POD recommends DAC-IPAD establish a standing court with judges or magistrates serving as preliminary hearing officers in sexual assault and harassment cases
POD and their allies urge DAC-IPAD to require judges or magistrates to serve as pretrial officers before making any conclusions binding given the dire need for improving the quality of sexual assault investigations as well as the professionalism and transparency of case investigators.
While reports of sexual assault increased by one percent overall in 2022, instances of unwanted sexual contact had increased exponentially when reported from the Department of Defense 2021 prevalance survey. At the same time, there is an increasing lack of trust in the military justice system. Therefore, DAC-IPAD’s recommendation to mandate often non-judges to make binding decisions as to whether a case may move to trial would profoundly contradict positive strides made to support survivors of military sexual abuse and would further erode the lack of trust that is already felt by both male and female servicemembers.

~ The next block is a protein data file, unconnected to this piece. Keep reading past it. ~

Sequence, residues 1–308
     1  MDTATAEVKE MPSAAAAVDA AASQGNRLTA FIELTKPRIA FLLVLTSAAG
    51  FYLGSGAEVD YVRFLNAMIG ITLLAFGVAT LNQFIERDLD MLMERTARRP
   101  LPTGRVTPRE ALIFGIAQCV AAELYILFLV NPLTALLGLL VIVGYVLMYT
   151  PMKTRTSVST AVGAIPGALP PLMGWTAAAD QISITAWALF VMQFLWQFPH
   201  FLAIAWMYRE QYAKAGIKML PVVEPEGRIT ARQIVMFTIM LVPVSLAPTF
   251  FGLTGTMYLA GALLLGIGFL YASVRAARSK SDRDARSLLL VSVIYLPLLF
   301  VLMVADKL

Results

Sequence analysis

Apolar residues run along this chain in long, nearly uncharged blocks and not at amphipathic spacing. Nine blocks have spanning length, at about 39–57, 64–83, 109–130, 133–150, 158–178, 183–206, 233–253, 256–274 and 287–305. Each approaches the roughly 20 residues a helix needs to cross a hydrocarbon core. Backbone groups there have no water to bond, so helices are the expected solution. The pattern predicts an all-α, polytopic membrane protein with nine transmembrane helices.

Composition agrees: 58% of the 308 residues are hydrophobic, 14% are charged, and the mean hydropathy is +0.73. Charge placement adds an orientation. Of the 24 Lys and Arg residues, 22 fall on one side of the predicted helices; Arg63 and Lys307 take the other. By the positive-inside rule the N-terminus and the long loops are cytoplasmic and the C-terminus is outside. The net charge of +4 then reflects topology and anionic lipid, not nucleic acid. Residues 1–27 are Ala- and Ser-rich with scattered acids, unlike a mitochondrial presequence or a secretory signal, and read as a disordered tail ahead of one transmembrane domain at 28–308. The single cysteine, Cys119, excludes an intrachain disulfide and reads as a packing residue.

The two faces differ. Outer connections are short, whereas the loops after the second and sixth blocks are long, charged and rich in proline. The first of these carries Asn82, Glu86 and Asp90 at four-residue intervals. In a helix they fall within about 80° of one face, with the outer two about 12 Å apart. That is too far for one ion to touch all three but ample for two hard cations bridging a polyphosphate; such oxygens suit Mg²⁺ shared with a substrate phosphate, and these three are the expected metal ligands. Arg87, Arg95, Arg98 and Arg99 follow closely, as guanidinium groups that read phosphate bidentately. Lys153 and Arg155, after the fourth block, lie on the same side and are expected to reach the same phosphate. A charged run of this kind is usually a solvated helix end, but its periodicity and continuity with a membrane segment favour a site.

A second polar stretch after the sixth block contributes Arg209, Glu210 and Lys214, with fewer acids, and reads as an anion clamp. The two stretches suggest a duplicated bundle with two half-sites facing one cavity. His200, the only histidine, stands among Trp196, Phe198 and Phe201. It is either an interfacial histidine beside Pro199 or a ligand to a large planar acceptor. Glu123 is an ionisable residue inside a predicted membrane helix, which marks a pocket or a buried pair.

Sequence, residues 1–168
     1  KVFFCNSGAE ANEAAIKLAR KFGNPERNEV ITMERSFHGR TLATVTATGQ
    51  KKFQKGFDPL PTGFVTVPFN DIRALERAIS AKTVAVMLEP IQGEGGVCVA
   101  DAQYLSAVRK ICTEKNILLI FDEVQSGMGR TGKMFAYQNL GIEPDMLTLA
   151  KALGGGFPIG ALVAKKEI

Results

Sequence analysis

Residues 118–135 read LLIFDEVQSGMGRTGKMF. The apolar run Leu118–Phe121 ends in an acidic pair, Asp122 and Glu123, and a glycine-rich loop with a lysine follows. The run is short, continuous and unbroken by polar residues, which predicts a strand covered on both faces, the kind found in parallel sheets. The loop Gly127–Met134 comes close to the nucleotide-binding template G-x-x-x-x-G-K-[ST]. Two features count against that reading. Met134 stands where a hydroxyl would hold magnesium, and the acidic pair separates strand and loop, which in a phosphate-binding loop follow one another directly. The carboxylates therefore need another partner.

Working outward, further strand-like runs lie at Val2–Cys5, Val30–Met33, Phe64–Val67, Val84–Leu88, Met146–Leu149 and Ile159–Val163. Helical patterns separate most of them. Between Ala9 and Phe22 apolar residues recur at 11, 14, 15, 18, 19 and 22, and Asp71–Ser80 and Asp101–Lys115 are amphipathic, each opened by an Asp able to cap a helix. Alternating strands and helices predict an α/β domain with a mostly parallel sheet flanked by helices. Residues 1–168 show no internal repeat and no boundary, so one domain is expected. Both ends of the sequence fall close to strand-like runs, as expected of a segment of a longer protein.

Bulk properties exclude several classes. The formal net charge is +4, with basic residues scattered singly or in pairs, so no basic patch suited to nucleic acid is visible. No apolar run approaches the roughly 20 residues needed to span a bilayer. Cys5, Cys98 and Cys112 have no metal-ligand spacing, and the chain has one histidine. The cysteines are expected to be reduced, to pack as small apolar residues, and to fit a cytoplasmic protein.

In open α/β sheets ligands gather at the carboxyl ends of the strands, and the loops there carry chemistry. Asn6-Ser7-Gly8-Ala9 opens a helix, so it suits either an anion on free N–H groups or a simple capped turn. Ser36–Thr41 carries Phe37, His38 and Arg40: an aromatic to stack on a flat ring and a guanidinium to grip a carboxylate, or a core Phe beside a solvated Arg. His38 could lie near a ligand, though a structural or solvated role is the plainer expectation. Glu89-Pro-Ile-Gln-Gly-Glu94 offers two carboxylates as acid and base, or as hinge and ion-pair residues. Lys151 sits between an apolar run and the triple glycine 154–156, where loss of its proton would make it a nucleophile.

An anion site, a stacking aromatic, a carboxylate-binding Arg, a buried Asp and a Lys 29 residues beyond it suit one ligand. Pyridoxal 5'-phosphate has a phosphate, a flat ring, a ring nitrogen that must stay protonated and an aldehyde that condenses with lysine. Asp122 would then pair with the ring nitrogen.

POD and our allies are committed to survivors and steadfast in our demand for accountability of abusers and a fair and equitable military justice system.
Protect Our Defenders Senior Vice President, Josh Connolly, former Chief of Staff for Rep. Jackie Speier (former Chairwoman of the Military Personnel Subcommittee on the House Armed Services Committee), released the following statement:
“Competent, thorough and timely investigations are the most pressing element to a military sexual assault or harassment prosecution. POD, advocates and survivors have worked tirelessly to bolster the integrity and validity of this investigative process in support of survivors. Progress has been made. But we have to go further. DAC-IPAD’s recommendations will potentially do more harm more than good.
“We urge DAC-IPAD to revisit their recommendations, and we look forward to hopefully working with them to better protect and support survivors in their pursuit of justice as well as investigators in their commitment to procedural integrity.”